A Japanese business seeking to make history by performing the first private lunar landing announced on Wednesday that it had lost contact with its spacecraft and believed the mission had failed.
A disappointing end to a mission that started with a launch from the US more than four months ago, Ispace said that it was unable to establish communication with the unmanned Hakuto-R lunar lander after its anticipated landing time.
About 25 minutes after the anticipated touchdown, a company representative told reporters, “We have not confirmed communication with the lander.” The official said, “We have to assume that we couldn’t complete the landing on the lunar surface.
A lunar rover from the United Arab Emirates was among the payloads being carried by the spacecraft, which was carrying payloads from many other nations. Officials said they will keep trying to make contact with the spacecraft.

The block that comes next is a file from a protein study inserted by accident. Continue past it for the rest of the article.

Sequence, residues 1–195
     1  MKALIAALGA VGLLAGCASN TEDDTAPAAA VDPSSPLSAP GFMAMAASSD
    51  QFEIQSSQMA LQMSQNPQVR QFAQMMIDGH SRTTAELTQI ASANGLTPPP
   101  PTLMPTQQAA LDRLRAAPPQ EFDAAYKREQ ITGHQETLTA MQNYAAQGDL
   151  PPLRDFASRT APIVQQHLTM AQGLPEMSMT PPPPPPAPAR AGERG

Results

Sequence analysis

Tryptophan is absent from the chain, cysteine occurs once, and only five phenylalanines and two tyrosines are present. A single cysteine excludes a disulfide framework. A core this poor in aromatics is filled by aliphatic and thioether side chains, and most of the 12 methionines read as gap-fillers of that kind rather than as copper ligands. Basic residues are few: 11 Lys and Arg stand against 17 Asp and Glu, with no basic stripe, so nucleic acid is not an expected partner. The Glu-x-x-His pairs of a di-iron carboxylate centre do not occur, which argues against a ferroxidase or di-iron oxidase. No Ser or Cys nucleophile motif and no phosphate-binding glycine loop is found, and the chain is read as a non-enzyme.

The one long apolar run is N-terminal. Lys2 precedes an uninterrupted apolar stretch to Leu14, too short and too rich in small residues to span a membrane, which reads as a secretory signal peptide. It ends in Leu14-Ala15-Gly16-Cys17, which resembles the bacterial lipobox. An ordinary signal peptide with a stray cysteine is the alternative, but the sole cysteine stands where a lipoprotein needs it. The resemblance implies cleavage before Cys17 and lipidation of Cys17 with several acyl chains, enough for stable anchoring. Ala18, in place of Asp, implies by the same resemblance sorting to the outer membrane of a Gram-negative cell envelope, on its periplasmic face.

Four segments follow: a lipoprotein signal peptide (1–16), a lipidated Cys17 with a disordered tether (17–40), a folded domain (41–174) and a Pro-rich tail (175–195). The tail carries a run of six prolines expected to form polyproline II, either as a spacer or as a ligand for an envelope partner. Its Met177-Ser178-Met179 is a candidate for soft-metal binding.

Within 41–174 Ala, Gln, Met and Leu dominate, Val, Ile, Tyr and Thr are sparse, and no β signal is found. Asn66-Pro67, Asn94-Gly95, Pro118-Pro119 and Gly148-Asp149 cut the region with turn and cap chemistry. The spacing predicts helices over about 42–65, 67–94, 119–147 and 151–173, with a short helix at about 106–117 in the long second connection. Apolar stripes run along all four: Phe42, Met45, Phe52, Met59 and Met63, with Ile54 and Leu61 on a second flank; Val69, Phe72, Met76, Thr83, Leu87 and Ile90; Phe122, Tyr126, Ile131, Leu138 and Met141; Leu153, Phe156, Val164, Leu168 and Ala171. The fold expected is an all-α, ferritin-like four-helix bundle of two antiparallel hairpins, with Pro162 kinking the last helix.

Takeshi Hakamada, the founder and CEO of Ispace, stated after what seemed to be a disastrous landing that they had obtained data from the spacecraft up until the intended landing and will be checking that for clues as to what went wrong.
The 340-kilogram lander, which is slightly over two meters tall, has been in lunar orbit since last month. It was totally automated during its descent and landing, and it was planned to resume communication as soon as it landed.
Israeli organization SpaceIL witnessed their lander strike the moon’s surface in April 2019. In 2016, India made another effort to land a spacecraft on the moon, but it failed.
Later this year, two US businesses—Astrobotic and Intuitive Machines—plan to make lunar landing attempts.
In a tweet, Astrobotic said, “We congratulate the ispace inc team on ac-complishing a significant number of milestones on their way to today’s landing attempt.”—AFP